The government, by now intoxicated with the taste of growth, feels that it has come up with the right model. It is in a self-congratulatory mode. Complacency sets in. But there are others who see things more clearly, discovering fault lines and hidden mine fields. But their words of caution are met with indifference or downright hostility. They are criticized by government functionaries as pathological naysayers who never find anything good with the economy. 

Then comes the third stage of crony capitalism. At this stage, it is a zero-sum game, or close to being one. The interests of the cronies and the privileged are now diametrically opposite to those of the other economic actors in the country. This happens in several ways, but I shall mention just two. 

Firstly, there is a rise in predatory business, a subject I wrote about in an earlier piece.  The cronies, whose ambitions have no limits, are looking for new arenas to invest their money. But they lack the patience to start a business from scratch. They are not inclined to put in the long, painstaking effort needed to grow a business. For them, the easy way is to prey on established businesses using whatever tool they have, including buying out regulatory officers. 

If they succeed, and sadly they often do, we end up with businesses that are no longer efficient or competitive. The answer is simple. People who acquire businesses through predatory means usually lack the incentive or the capacity to make the businesses grow. In fact, even sustaining the business may prove challenging in some cases.   

The second case is the undue influence that cronies have on policy making. A few examples will make this clear. Let us say the cronies are able to exercise their influence and get a freeze on bank interest rates. Since the banks need to earn a profit, they, in turn, keep deposit rates low. This discourages savings and deposits, as a result of which the banks now have less funds to lend. The privileged classes still manage to get loans, and at rates substantially lower than market rates. However, other businesses, who may be more competitive now find it difficult to obtain loans.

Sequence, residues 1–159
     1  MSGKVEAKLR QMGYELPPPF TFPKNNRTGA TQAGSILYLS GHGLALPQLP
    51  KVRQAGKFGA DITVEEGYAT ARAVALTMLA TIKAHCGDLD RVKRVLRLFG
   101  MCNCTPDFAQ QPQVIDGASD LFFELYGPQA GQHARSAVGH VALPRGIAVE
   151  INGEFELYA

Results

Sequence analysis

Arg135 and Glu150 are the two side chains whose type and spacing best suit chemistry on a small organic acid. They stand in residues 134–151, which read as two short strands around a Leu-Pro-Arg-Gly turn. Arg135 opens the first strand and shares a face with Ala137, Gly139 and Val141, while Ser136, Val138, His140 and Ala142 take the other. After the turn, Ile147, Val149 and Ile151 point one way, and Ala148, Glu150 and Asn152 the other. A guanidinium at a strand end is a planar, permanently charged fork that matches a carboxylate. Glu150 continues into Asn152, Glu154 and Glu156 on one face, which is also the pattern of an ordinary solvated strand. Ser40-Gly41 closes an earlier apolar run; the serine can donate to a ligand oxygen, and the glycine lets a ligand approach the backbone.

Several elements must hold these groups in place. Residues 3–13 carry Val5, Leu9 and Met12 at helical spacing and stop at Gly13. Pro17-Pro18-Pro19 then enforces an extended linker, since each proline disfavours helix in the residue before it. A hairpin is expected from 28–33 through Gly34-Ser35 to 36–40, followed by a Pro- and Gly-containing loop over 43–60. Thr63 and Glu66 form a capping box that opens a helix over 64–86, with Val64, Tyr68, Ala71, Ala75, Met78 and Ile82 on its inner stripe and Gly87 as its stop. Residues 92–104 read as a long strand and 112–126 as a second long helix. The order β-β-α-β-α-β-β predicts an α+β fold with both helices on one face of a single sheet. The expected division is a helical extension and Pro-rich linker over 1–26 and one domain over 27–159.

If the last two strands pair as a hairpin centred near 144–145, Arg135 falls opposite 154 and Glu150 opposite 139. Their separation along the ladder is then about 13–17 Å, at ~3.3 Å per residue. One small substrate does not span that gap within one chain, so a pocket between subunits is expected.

Another example is overvaluation of the exchange rate. This benefits privileged classes who are major importers and lobby to keep the exchange rate overvalued. Such overvaluation harms exports and discourages remittance flows through official channels. A foreign exchange shortage ensues, reserves start falling and the government decides to address this problem by curbing imports. This harms both consumers who suffer from higher prices due to less supply of imported goods in the market, and businesses who are adversely affected by shortages of imported inputs. The granting of privileges to a chosen few starts hurting the others; in some cases, very badly.    

A third example relates to government expenditures. In the third stage of crony capitalism, cronies become greedier and start demanding a high share of government expenditures. As their friends in government accede to such demands, the rest of the population, especially those without much political influence, are crowded out. Expenditures that benefit the poorer sections of society, such as social protection programs, are curtailed to fund the privileges demanded by the cronies. 

Government leaders, once enamoured by the delivery prowess of cronies, may at this stage start having second thoughts about the wisdom of privileged-driven policy decisions. But, by then, it is usually too late, unless such a realization triggers some truly bold actions to rein in the cronies.  


Syed Akhtar Mahmood is an economist, previously with an international development agency.